Caring for the Whole Person:
How Do We Address Stress?
Americans experience some of the highest rates of stress in the world. Those in lower socio-economic brackets report even higher levels, and this can negatively impact their overall health. A whole person care approach can help health and human service organizations better address stress.
April is Stress Awareness Month
When was the last time you felt stressed?
Stress is an important and valuable part of the human experience. It can help us think more clearly, motivate us to complete difficult tasks, and give us the energy to follow through. However, too much stress can quickly become detrimental to our health. In fact, many (if not most) health issues are greatly exacerbated by both short – and long-term stress.
Interestingly, Americans are among the most stressed people in the world. Over half of all US adults report feeling stressed “a lot of the day”. According to the Stress in America National Survey, 48% of Americans said the level of stress in their life has increased since the pandemic.
This disparity is even greater among Americans in lower socio-economic brackets. Researchers agree that poor social determinants of health—indicators like access to transportation, reliable shelter, and nutritious food—directly increase stress. Likewise, increased stress can lead to poorer social determinants of health. Thus, this relationship becomes self-reinforcing and all encompassing.
In order to help individuals and communities overcome this detrimental cycle, organizations need an approach that addresses the whole person.
Whole Person Care Definition
What exactly does it mean to “address the whole person”?
Whole person care is defined as the coordination between healthcare providers and social services in a patient-centered manner. This approach is designed to bridge the gap between complex health and social needs. In so doing, whole person care can provide patients with personalized, integrated care while simultaneously building partnerships with local programs and better utilizing community resources.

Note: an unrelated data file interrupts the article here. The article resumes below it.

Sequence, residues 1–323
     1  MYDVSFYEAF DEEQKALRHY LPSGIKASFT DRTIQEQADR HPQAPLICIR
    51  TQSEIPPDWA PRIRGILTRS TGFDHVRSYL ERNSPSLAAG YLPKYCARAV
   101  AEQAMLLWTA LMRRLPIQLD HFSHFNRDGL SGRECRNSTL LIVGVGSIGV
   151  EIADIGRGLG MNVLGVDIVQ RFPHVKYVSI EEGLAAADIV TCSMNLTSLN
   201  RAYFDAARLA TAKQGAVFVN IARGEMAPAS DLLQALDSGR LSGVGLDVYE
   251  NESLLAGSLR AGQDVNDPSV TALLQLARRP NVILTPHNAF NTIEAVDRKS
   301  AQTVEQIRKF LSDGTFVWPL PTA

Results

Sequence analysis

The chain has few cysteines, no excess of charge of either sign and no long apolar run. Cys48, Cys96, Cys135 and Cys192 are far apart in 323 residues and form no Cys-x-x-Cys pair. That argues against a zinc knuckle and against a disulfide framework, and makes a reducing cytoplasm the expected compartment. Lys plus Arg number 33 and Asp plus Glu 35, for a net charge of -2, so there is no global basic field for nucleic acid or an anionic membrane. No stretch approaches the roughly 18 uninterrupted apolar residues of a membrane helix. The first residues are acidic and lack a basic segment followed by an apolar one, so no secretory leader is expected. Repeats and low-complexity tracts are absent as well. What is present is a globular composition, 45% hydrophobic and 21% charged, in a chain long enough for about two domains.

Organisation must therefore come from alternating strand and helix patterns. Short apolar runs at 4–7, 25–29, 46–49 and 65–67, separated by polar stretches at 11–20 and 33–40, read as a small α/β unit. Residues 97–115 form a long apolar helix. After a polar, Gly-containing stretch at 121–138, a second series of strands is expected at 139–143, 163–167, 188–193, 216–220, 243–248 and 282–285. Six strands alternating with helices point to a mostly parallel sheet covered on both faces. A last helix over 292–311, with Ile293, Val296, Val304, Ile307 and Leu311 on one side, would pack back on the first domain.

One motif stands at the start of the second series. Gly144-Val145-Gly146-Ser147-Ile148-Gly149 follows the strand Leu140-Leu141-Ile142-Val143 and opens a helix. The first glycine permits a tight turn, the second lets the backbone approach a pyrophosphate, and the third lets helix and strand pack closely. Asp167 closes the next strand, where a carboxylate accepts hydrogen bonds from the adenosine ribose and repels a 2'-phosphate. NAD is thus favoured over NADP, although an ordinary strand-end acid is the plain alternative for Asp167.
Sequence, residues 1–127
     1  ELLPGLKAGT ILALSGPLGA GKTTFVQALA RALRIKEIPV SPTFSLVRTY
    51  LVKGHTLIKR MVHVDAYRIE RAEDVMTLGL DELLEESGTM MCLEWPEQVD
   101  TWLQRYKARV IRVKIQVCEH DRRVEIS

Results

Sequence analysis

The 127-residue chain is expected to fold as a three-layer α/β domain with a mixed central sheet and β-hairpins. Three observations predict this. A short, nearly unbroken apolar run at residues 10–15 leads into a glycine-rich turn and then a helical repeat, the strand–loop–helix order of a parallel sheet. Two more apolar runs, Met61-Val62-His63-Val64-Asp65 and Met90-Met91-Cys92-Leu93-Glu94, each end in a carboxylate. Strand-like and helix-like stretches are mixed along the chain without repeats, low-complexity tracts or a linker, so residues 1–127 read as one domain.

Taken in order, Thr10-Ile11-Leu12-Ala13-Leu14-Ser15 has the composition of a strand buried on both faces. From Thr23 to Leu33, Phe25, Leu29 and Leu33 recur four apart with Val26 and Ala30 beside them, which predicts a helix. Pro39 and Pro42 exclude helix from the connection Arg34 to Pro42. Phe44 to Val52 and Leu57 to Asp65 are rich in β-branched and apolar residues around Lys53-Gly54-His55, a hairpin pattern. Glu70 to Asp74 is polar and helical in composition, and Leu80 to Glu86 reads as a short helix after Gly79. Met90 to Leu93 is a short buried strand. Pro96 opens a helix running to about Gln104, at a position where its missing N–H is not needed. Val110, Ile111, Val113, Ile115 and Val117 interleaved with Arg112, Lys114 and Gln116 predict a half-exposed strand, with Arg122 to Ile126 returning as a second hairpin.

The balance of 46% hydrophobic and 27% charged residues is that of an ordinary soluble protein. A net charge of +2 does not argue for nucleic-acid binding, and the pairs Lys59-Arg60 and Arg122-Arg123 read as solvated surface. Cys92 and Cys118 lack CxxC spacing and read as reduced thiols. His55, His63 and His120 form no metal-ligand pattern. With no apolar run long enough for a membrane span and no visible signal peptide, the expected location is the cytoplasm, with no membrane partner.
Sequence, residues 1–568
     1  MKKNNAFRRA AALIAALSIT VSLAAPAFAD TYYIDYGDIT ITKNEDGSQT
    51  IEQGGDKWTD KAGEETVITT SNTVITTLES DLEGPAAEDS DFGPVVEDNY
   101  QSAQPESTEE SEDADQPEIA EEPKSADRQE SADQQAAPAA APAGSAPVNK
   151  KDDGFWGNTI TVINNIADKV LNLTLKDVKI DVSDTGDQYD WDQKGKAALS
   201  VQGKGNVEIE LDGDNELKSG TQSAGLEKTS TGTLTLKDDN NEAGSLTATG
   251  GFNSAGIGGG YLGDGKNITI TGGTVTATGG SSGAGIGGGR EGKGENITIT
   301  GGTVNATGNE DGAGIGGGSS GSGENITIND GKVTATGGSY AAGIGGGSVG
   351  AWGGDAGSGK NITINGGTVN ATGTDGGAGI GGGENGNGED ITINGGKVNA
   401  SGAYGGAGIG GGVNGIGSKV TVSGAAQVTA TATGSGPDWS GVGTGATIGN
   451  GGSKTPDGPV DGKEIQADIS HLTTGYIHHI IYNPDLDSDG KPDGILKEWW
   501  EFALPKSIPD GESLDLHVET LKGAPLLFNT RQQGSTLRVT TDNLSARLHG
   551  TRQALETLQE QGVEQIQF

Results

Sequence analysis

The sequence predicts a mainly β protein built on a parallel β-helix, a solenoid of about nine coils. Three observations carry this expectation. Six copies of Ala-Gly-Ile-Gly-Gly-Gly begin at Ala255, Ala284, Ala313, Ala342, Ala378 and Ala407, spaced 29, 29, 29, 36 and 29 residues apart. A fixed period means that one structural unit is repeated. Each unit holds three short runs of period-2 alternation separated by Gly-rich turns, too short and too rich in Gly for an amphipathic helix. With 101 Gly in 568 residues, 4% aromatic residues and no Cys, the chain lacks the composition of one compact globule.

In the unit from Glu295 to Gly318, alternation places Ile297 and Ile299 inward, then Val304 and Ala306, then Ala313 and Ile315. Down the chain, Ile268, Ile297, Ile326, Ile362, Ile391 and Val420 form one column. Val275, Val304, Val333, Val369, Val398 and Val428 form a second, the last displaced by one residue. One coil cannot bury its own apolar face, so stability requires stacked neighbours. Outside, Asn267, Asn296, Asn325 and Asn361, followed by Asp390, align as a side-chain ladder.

Whole person care is critical in situations where social circumstances are impacting traditional health. For example, a health care provider might counsel a diabetes patient to eat a healthier diet. However, the provider might not know that the patient does not have adequate transportation to access a grocery store or the economic stability to purchase fresh food.
Whole person care can address situations like the one above. By facilitating communication between health care providers and health and human service organizations, practitioners can learn how to screen for social needs that might inhibit health care. They can then coordinate with non-profits and community resources, like a food bank or transportation service, to ensure that the patient has the tools to follow prescriptions and regain their health.
Caring for the Whole Person
Whole person care is critical to address individual and community stress.
Stress can come from anything and often compounds from a variety of sources. Without whole person care, a health practitioner or social service worker is likely only addressing part of the stress. Until the whole is handled, the inverse relationship of stress and poor social determinants of health will continue to thrive.
While the benefits of whole person care are clear, the implementation can often seem complicated. Indeed, coordinating health and social services is no simple feat. It requires communication, integration, and infrastructure, much of which needs to be built from the ground up. Although it may seem intimidating, research shows that the payoff is more than worthwhile: whole person care is really what it takes to make effective, lasting change among the people you serve.
So how do you get started?
One of the best ways to begin implementing whole person care is through powerful case management. Case management platforms like ClientTrack™ can streamline coordination between organizations. Through sharing data and allowing cross-program tracking, ClientTrack helps social workers and other health professionals ensure that social determinants of health are being met and individuals are accessing all the resources they need, either through your program or another community initiative.
While stress has a debilitating effect on health and well-being, it does not have to. Through whole person care, health and human services can better address adverse stress, thus helping individuals and communities achieve a higher quality of life.
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